Millennials: We Are Simpler Than You Think

May 4, 2018
By lsodimples BRONZE, Pacific Palisades , California
lsodimples BRONZE, Pacific Palisades , California
1 article 0 photos 0 comments

I am a millennial. To some, my generation is going to change the world, and to others, we are going to destroy it. I am frustrated by the way people write about us; specifically, how older generations of journalists write about us. To them, we may as well be extraterrestrials. They act as if they need an instruction manual guiding them on how to talk to us. The endless confusion on how to raise a millennial while simultaneously instilling the values of older generations has created a vicious cycle of my generation being misrepresented. Members of older generations do not realize what an asset we can be in a changing world. We are a lot simpler than they think we are.


The issue I am confronted with the most about millennials is the issue of social media. We constantly hear about the horrors of social media’s inherent cyberbullying and peer pressure, both of which do happen, but we can’t let one innovation stereotype an entire generation. The advent of social media has created a lot of stability among millennials. It connects people-- with a predicted 3 billion users by 2020, social media is uniting us across the world like never before. It is a lifeline and support system for people who don’t have the support from their local community. Maybe it’s a genius in a small village in China, or a gay teen in a conservative small town, or a kid who’s bullied at school. These people can find friends, support, and encouragement on social media.


What’s more, people are now making a living off of posting on Instagram or creating sponsored posts and videos on other platforms. Social media has become a thriving industry that employs people all over the world, and the best part is, we are good at it. Since social media has become such a large part of our daily lives, we have grown accustomed to it, and many have become experts at it. Even I, who struggles to navigate the extensive internet, often find myself playing the teacher when it comes to educating others about social media. Whether we believe it or not, our society is dependent on social media as advertising in an irreversible way. It’s because of this that millennials are such an asset to our society and will continue to be for years to come.


Another striking element about the way older generations write about millennials is that we are condemned for our activism. Millennials have enacted a lot of change in our society through our steps toward creating more inclusivity. Millennials have been the leaders of large movements, like the Black Lives Matter and #MeToo Campaigns. Although our perseverance may come across as whining or complaining to older generations, we are setting the foundation for a more inclusive society, one that distinguishes itself from the more segregated society in which they grew up. I understand why older generations are shocked by our actions, but they need to take the time to educate themselves on how the changes we are making can be positive before they condemn them. Seeking improvement isn’t a judgment or condemnation of past generations; it’s an effort to build on what they knew and improve the future.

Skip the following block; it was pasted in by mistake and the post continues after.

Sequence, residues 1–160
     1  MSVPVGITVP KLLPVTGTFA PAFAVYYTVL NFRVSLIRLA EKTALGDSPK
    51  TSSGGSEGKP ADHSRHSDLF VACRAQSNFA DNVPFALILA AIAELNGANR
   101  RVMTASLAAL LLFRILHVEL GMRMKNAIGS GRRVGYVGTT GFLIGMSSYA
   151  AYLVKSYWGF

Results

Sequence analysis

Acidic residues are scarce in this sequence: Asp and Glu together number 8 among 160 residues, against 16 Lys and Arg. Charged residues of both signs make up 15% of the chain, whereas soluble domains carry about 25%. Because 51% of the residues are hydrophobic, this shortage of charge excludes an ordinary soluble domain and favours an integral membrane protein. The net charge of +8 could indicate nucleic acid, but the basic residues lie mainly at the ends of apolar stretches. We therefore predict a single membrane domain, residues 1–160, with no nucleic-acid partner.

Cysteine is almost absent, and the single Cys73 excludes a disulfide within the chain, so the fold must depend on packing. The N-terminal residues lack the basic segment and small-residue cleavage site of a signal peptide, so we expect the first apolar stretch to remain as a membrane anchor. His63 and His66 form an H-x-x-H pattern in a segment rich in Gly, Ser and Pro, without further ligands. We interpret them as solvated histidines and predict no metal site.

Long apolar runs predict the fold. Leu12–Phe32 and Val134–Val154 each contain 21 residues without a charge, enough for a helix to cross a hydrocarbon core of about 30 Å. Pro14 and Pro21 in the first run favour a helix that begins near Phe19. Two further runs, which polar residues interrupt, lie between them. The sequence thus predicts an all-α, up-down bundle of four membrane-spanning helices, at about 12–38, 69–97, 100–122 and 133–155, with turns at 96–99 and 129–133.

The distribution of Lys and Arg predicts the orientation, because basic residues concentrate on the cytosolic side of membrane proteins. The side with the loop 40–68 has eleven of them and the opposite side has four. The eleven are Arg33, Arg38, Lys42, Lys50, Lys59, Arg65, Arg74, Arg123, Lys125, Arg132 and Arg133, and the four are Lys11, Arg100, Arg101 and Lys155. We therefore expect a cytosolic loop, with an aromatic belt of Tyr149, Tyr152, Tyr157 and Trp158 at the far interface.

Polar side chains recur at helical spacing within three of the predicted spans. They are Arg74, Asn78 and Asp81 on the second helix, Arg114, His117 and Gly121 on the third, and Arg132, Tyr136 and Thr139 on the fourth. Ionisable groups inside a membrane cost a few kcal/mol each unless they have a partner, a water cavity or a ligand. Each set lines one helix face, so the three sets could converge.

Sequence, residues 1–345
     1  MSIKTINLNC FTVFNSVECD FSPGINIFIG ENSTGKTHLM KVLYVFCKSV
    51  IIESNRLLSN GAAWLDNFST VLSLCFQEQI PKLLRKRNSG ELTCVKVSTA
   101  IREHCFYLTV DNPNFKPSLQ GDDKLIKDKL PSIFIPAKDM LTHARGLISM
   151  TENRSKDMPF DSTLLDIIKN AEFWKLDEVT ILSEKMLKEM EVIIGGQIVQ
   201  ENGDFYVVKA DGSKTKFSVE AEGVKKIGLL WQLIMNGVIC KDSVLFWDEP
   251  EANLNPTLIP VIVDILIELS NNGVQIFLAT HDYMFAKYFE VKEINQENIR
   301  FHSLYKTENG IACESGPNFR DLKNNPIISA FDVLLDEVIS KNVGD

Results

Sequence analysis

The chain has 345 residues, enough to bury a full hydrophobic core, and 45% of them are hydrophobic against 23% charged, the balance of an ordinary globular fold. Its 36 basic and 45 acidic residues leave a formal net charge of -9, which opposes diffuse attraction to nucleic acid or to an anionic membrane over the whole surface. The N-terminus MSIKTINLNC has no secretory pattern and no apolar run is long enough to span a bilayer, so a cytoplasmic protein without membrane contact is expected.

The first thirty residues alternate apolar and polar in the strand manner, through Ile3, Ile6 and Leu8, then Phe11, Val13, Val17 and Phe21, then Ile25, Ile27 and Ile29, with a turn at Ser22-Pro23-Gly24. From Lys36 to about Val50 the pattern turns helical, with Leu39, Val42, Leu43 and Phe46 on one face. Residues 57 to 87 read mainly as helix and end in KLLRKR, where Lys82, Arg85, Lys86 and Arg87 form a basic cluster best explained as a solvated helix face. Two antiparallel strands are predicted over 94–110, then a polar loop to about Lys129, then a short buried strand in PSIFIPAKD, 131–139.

I have a blog called My Perspective in which I provide parents with insight on my generation - what we like to wear, what societal pressures we fall victim to, what’s happening at school, etc. I write about these specific topics to spark a conversation not only between older generations but between parents and children and even grandparents and grandchildren in order to help them better understand each other. What I learned from my experience with this blog is that the frustration I feel with older generations can be solved by communicating. Some of the largest gaps in our society have been filled by communicating and learning other people’s stories and opinions. Maybe that is the biggest lesson of social media: it’s a constant Marketplace of Ideas that make us see the perspective of others and maybe, if we’re willing, become more empathetic and aware. Conflict is okay, as long as steps are taken toward communication and education, and writing is the perfect platform to achieve that goal. It’s a journalist’s job to seek the truth and to share that truth with the world, so it is important for journalists of all generations to be producing the right content that not only correctly educates the public about a topic, but incites discussion that will ultimately unify us even more.


The author's comments:

I wanted to share my perspective on how millennials are written about by journalists of older generations. My goal for this article is to incite even more conversations about the way millennials are viewed in society and how we are not as difficult to understand as people think we are. I hope you like it!


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